A NUMBER of roadside verges and other public land in Poole will be left uncut during the summer months in a bid to reverse the decline in bees and butterflies.

The charity Plantlife insists important grasses and wildflowers are needed to sustain these diminishing pollinators and that globally their demise represents a serious threat to biodiversity and long-term food security.

Cllr Xena Dion, Borough of Poole cabinet portfolio holder for a prosperous and sustainable Poole, said: “By changing the way some of our grasslands are managed, the variety of wildlife will certainly increase, which has a long-term positive impact on our natural environment which we hope will be appreciated by all our local residents.

“We are delighted to be working in partnership with charities such as Plantlife to promote the re-colonisation of areas of Poole with suitable natural flora that are so important.”

The areas in Poole where grass will be left uncut include:

  • Parts of Sterte Esplanade;
  • Blake Dene open space, Lilliput;
  • Parts of Selkirk Close open space;
  • Sections of Sopwith Crescent, Merley;
  • The sloped bank at Seldown Park;
  • Parts of Parkway in Canford Heath;
  • Both slow lanes of the Upton Bypass;
  • Areas within Poole and Parkstone Cemeteries and part of St Michael’s Church churchyard, Hamworthy.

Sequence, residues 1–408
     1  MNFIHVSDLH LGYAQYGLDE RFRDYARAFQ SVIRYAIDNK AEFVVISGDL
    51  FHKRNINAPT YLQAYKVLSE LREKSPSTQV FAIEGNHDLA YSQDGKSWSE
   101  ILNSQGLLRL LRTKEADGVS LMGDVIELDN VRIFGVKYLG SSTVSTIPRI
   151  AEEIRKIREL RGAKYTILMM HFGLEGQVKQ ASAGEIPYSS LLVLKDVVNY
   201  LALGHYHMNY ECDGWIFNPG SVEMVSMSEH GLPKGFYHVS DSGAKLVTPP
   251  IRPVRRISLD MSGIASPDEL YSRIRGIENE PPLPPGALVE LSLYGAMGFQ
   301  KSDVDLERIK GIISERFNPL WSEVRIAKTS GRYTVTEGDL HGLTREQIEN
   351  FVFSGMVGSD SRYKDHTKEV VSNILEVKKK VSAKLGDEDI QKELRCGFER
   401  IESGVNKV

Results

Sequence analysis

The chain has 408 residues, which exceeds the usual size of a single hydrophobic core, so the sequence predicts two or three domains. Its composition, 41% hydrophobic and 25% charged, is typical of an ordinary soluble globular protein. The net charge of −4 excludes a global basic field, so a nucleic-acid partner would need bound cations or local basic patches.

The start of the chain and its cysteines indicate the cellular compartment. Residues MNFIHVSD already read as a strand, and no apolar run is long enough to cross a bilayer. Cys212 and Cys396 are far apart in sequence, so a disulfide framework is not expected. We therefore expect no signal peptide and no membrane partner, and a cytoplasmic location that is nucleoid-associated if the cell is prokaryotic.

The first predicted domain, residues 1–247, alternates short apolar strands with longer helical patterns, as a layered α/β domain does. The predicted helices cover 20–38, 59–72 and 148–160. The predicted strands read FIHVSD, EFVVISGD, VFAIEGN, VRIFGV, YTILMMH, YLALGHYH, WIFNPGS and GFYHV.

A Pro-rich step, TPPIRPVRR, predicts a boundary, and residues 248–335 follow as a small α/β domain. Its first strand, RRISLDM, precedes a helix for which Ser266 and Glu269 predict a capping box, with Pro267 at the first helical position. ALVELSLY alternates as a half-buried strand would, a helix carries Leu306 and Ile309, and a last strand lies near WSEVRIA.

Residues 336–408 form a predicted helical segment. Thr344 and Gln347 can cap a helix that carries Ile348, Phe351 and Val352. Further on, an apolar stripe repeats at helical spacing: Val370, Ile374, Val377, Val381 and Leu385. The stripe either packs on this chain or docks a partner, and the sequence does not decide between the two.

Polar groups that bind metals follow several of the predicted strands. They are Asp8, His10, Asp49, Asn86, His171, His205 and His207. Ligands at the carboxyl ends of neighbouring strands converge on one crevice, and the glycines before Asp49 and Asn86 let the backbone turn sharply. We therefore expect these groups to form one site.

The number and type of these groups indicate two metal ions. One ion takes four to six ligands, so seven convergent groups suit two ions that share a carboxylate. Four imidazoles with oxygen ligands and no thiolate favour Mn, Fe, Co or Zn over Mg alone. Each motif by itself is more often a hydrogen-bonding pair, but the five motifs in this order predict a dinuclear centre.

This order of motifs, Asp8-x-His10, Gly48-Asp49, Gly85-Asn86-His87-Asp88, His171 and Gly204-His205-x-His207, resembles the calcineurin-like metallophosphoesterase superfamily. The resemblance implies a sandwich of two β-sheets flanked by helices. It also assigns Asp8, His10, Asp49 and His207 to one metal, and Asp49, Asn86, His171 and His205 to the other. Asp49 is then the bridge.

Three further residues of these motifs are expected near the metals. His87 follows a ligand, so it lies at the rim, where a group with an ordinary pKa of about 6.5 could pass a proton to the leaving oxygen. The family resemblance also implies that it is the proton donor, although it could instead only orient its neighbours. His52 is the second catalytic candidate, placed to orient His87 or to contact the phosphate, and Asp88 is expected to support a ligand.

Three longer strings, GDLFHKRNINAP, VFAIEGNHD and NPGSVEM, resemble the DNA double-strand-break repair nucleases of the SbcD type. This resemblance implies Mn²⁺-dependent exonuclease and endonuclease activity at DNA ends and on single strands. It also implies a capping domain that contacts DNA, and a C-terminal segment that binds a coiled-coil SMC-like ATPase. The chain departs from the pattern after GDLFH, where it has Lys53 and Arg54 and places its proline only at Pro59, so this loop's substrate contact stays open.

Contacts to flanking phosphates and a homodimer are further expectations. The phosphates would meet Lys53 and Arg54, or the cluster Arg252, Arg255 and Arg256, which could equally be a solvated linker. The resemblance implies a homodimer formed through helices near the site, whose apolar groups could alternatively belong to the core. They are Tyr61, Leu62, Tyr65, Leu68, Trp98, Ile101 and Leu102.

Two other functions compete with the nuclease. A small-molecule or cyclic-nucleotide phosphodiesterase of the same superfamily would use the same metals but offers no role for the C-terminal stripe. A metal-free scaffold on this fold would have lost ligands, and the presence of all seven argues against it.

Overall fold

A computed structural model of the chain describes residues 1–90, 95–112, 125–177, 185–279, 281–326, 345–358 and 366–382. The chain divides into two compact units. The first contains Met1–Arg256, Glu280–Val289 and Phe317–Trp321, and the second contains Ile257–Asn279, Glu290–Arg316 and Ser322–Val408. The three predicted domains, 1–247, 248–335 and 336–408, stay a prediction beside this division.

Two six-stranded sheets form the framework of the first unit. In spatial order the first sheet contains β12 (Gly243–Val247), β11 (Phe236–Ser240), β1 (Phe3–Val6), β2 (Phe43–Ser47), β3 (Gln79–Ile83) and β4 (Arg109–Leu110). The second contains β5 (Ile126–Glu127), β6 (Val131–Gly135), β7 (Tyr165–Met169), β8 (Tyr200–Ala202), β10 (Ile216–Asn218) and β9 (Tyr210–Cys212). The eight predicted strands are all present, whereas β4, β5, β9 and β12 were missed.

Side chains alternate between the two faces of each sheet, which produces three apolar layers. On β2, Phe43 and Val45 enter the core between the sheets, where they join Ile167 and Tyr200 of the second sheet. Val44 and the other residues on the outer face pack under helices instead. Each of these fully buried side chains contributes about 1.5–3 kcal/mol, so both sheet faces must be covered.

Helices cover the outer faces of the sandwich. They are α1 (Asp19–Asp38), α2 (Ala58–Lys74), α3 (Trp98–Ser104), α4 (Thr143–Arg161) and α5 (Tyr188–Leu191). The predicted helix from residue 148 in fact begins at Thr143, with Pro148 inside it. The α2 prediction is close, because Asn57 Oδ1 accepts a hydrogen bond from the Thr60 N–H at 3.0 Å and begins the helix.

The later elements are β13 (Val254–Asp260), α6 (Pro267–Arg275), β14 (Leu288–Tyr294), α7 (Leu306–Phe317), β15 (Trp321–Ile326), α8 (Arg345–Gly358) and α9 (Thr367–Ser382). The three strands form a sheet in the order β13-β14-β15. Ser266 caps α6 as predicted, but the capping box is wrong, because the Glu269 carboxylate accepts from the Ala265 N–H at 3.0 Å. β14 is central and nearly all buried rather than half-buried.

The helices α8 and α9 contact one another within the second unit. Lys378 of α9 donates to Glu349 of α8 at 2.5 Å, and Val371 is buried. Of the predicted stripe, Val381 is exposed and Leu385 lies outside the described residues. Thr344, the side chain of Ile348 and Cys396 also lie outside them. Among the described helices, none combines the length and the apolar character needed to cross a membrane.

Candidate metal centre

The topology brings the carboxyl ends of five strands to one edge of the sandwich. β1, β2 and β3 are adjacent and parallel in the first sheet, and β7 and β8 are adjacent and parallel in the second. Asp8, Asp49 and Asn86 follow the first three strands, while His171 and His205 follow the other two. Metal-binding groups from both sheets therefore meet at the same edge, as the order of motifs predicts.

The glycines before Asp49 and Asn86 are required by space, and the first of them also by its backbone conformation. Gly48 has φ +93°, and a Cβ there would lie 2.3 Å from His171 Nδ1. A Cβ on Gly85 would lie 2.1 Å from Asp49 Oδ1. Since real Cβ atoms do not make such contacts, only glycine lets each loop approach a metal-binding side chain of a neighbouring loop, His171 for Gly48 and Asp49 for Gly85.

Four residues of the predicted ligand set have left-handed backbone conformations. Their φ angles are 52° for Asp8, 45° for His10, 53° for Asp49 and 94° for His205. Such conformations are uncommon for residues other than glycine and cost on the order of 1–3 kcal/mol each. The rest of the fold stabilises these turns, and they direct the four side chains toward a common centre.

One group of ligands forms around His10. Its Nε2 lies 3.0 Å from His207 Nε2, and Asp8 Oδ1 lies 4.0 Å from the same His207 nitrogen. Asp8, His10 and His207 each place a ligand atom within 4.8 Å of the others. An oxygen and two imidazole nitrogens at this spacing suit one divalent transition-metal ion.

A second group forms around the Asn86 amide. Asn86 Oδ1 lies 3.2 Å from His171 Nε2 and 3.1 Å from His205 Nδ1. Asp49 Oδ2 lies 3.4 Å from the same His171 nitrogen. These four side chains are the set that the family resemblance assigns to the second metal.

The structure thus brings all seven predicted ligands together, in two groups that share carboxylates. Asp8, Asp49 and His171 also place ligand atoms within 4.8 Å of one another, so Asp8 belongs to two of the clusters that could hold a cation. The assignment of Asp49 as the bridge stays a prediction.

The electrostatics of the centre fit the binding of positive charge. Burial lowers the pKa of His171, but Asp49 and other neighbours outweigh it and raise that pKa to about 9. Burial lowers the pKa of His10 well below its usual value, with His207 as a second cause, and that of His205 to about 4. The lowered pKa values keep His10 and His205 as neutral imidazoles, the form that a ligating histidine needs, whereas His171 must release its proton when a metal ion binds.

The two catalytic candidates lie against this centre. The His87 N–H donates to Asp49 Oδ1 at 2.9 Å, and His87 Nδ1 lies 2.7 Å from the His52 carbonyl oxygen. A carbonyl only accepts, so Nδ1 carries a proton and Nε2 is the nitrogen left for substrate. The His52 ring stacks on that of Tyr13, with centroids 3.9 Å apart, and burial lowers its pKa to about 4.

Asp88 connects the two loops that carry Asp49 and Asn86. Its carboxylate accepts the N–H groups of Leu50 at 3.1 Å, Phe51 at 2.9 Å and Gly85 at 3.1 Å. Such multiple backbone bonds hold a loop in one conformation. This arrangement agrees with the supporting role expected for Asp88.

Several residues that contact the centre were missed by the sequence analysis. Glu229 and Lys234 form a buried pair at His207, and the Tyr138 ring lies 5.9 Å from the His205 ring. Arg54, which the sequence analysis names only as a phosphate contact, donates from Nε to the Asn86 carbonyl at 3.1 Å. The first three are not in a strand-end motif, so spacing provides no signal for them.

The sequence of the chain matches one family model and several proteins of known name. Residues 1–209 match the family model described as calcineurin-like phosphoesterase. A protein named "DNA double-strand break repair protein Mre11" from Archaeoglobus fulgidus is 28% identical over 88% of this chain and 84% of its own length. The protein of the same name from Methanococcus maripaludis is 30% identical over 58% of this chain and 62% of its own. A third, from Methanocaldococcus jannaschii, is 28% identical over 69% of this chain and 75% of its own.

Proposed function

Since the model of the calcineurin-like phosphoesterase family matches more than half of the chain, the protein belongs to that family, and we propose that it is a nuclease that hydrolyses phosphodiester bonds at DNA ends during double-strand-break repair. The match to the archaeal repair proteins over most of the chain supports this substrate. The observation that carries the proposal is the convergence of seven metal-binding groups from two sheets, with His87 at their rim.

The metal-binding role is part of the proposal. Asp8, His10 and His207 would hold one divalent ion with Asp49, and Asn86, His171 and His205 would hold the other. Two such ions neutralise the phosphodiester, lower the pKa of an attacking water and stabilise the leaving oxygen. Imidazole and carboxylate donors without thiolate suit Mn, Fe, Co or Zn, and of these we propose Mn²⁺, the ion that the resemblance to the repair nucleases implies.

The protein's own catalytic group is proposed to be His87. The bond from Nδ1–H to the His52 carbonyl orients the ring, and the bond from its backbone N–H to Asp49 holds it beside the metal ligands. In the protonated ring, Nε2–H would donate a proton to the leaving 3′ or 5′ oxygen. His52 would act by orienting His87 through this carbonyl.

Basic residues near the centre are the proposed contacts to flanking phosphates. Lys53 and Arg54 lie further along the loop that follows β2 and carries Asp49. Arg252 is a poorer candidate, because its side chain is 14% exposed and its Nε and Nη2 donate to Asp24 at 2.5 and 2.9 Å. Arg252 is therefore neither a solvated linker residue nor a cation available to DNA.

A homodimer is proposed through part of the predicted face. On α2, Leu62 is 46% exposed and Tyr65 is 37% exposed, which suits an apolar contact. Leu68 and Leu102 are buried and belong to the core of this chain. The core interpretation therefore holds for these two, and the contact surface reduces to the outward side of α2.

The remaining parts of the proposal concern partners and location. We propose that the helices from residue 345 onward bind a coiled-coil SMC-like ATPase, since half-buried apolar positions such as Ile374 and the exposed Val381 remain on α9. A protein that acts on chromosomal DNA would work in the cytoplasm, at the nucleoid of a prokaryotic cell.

The central reservation along the Upton Bypass, Holes Bay Road, Canford Way, Dorset Way and parts of Ringwood Road and Waterloo Road will still have sight lines cut.

The borough first implemented this change to its maintenance programme over the course of last summer, and it was met with mixed reviews.

Cllr Dion said: “As elected members representing local residents we take our responsibilities for the natural environment very seriously.”

Services set to suffer

A RAFT of council services look likely to suffer over the next two years as more government funding cuts start to bite, the Local Government Association (LGA) has warned.

Latest LGA research suggests the impact of spending reductions will “start to become increasingly visible” as local authorities tackle a further £10billon cut in government funding.

Popular services such as leisure services, children’s centres and road repairs are likely to bear the brunt of the cuts, says the LGA.

LGA vice-chairman Cllr Gerald Vernon-Jackson explained: “It is testament to councils’ resilience that many people have noticed relatively little difference in most of their local services over the past three years.

“Faced with the biggest cuts in living memory, councils have restructured and shared services where it has been possible and have made the most efficient part of the public sector even more efficient.

“However, efficiency savings cannot be remade and we are reaching the end of the road.”